Laverne Cox And bell hooks Talk How To Survive The Patriarchy

LOS ANGELES, CA - AUGUST 04:  Actress Laverne Cox attends Netflix's 'Orange is the New Black' panel discussion at Directors G
LOS ANGELES, CA - AUGUST 04: Actress Laverne Cox attends Netflix's 'Orange is the New Black' panel discussion at Directors Guild Of America on August 4, 2014 in Los Angeles, California. (Photo by Jason Merritt/Getty Images)

Can you wear high heels without pandering to the patriarchy?

It's... complicated. At an Oct. 7 panel at The New School in New York, renowned feminist thinker bell hooks and "Orange Is The New Black" actress and trans activist Laverne Cox wrestled through these issues of feminism and identity.

The two expressed deep admiration for one another; Cox talked about how bell hooks' work changed her life, and hooks called Cox a "goddess for justice."

Still, hooks cautioned, against making their talk "one of those little love feasts" commonly occur when likeminded activists share a stage. And she definitely didn't skirt around tense issues, questioning Cox's traditionally "feminine" style of high heels and a long blonde wig.

Cox defended her choices, saying, "This is where I feel empowered, ironically, and comfortable. I think it's important to note that not all trans women are embracing this, but this trans woman does. And this trans woman feels empowered by this."

Cox recognizes the tension between conforming to traditionally feminine beauty standards and challenging the "imperialist white supremacist patriarchy," she told the audience. "Am I feeding into the patriarchal gaze with my blonde wig?" she said. (bell hooks quickly answers, "Yes.")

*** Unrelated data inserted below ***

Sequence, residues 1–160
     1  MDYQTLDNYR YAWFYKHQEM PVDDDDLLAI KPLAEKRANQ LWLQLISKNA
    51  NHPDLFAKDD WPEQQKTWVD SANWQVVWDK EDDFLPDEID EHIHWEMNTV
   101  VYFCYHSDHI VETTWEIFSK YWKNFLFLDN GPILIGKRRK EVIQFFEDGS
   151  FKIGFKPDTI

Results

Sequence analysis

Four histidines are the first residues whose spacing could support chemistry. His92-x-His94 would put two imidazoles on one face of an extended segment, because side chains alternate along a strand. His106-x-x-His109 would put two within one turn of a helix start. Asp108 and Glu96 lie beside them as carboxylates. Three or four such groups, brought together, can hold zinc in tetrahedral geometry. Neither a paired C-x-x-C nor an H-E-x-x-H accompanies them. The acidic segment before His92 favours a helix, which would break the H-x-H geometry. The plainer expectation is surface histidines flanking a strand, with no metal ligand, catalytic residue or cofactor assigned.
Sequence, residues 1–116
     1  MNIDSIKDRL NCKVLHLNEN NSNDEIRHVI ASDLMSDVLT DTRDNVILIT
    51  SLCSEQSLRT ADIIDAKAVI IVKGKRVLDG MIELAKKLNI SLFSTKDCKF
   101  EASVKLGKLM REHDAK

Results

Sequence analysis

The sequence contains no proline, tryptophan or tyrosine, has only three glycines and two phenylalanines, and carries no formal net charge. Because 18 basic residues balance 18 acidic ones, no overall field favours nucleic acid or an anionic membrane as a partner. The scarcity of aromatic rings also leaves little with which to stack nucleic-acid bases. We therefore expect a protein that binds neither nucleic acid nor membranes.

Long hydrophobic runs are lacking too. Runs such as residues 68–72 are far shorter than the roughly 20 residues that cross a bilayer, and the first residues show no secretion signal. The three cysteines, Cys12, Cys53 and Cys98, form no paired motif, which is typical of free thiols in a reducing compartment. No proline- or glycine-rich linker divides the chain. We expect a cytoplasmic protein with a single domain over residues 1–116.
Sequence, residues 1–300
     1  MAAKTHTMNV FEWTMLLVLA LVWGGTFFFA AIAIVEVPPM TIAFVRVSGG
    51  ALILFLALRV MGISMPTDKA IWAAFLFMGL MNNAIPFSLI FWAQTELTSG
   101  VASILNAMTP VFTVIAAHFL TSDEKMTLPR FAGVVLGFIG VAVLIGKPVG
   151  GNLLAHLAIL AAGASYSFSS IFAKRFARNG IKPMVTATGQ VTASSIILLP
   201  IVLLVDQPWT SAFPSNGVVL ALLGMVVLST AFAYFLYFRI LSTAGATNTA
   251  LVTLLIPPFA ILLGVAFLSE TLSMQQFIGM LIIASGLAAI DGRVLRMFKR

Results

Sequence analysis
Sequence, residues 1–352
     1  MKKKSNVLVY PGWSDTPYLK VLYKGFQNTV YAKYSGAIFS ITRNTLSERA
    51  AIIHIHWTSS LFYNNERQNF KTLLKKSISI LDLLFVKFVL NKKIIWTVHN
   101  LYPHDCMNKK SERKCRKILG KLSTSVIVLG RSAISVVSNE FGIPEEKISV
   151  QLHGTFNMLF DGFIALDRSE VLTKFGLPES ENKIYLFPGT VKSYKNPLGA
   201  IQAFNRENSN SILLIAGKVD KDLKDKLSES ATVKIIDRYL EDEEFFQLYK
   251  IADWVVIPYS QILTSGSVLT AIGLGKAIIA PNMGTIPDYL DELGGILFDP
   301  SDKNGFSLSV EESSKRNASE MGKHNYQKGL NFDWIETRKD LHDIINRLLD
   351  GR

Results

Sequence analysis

For some, choosing to portray an image that the culture values is not just a preference, Cox said: It's a way to be seen. She talked about our society's "erasure" of diverse bodies, and how women sometimes must base their choices on a desire to be visible. "I have not ever been interested in being invisible, in being erased," she said. She uses her self presentation as a way to succeed in a society that all too often ignores the lives of black trans woman.

Like Cox, many women feel empowered by the ways they construct their appearance. Still, hooks cautions against calling all of these choices inherently "feminist."

hooks has long negotiated the meaning of the ever-morphing feminist movement. Her approach has been overwhelmingly inclusive; After all, she penned Feminism Is For Everybody, which radically expanded the movement.

But just because feminism is for everybody doesn't mean feminism can be everything. "If feminism is all things to all people, than what is it? How do we locate it as a radical movement in our lives?" hooks said.

She also pointed out that while women are free to make choices, they have to acknowledge that their choices don't exist in a vacuum. She suggested that when most black role models in the entertainment world sport "white" hair styles, it "may be sending a message to somebody younger that 'I must be self-hating.'"

As some women must make choices in order to be seen, women who are seen are asked to carefully measure their choices. The eternal feminist paradox persists, but we're happy to watch these two talk about it. No matter what shoes they wear.

You can watch the entire discussion on the New School's Livestream.



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